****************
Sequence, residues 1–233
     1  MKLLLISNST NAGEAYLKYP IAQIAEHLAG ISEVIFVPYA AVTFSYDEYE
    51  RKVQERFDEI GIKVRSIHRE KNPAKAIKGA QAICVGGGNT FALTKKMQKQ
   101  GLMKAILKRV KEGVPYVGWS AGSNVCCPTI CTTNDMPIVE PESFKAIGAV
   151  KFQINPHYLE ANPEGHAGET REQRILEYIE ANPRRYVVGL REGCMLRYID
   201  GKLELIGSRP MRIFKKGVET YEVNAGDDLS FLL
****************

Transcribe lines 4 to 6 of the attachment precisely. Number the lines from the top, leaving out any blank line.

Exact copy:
   101  GLMKAILKRV KEGVPYVGWS AGSNVCCPTI CTTNDMPIVE PESFKAIGAV
   151  KFQINPHYLE ANPEGHAGET REQRILEYIE ANPRRYVVGL REGCMLRYID
   201  GKLELIGSRP MRIFKKGVET YEVNAGDDLS FLL